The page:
I completely believe that, for many, it is important to step completely away from the religious scene for a period of time… and for some this may even be forever. God must lead each one in this decision. I have always said this. For me it has been the last 8+ years! I have often said that it’s far more important that a person’s heart remain free of religion than it is for them to avoid people who are still in it. It was actually a pastor friend who once told me, “Once you change your playground, you have to change your playmates.” There is a lot of truth in this. It’s not because the folks we used to associate with while engaged in the religious routine are somehow evil… but they can, inadvertently, distract us from the freedom God intends for us, as well as the process of growth He desires to lead us through – without all those external voices telling us what to believe, what to do, why to do it, when to do it, how to do it, etc. For many, the exodus from “church world” is really about learning, at last, to hear God’s voice for themselves and to establish full confidence in His divine leadership. No other human on earth should occupy His place of authority in our lives; no pastor, no elder, no nobody!
Sadly, for many Christians, this is exactly what their churches and their pastors are to them; the voice of God. Imagine how dangerous this is when those pastors and churches fail to rightly follow the true voice of God! It can be devastating!
Recently, a friend sent me an article from an older book called The Pilgrim Church by E.H. Broadbent that chronicles much of the “forgotten” history of the Christian Church from Pentecost up to the present time. These are true stories of believers in Jesus that didn’t join themselves with any churches, but were content only to be joined with Christ. The history is surprising and refreshing, but it is a history that has been overlooked and largely hidden from most of today’s Christians. My friend, Matthew, shared one article in particular from the book that encouraged him and I thought I’d pass it along since it struck a chord with me also… especially considering the subject matter of this already-too-long blog post today. In the following article, a man by the name of Kaspar von Schwenckfeld (who lived in the year 1526) wrote about his heart to serve the body of Christ while not being a slave to organized religion. In fact, this was the very reason he kept himself free of membership to any church organization, so that he could be free to serve all followers of Jesus without respect for petty denominational differences and religious legalism. I found this brother’s attitude most encouraging and enlightening.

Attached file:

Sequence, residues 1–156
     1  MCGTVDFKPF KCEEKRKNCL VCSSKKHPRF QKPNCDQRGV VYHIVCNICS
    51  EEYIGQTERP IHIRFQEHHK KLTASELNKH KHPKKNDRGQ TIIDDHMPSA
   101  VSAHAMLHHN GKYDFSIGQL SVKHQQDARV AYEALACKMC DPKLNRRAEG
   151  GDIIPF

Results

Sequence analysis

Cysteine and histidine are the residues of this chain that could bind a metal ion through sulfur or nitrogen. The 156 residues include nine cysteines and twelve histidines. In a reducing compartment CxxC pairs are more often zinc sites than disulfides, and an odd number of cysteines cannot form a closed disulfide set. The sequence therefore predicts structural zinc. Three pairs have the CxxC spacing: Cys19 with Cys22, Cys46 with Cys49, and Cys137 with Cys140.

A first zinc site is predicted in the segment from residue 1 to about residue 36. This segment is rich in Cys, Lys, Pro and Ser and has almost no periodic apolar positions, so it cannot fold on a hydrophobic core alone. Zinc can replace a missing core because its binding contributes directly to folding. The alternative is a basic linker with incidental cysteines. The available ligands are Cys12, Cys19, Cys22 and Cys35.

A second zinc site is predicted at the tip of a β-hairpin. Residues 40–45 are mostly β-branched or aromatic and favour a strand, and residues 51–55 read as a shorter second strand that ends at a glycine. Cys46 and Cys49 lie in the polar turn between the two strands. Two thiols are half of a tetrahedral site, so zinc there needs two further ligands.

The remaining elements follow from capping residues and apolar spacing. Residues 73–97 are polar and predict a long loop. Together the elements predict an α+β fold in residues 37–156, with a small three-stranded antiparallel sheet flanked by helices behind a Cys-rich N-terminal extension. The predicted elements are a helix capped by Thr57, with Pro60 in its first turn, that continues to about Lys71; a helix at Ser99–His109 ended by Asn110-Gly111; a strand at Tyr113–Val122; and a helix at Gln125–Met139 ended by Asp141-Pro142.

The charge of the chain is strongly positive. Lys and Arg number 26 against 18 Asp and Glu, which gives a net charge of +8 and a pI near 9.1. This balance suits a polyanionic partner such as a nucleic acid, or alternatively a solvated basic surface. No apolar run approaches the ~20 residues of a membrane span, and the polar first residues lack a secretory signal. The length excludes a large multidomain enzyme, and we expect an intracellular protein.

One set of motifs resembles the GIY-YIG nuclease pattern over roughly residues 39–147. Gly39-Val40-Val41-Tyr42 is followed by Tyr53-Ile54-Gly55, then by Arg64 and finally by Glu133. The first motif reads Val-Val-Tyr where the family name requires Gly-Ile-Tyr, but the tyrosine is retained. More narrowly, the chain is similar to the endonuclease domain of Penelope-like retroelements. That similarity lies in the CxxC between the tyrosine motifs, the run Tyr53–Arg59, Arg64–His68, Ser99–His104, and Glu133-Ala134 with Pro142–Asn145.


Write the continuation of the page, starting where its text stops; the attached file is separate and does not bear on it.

After having been set free from church world, it’s easy to harden your heart against the possibility of ever entertaining the notion of fellowship with those that still attend. Over these last eight years, God has been softening my heart and growing me up in Him. I still hate religion with all my heart, but I love Him with all my heart even more and God is teaching me to love His people even more, especially those who are still part of the traditional church routine (despite my personal disgust with so much of it).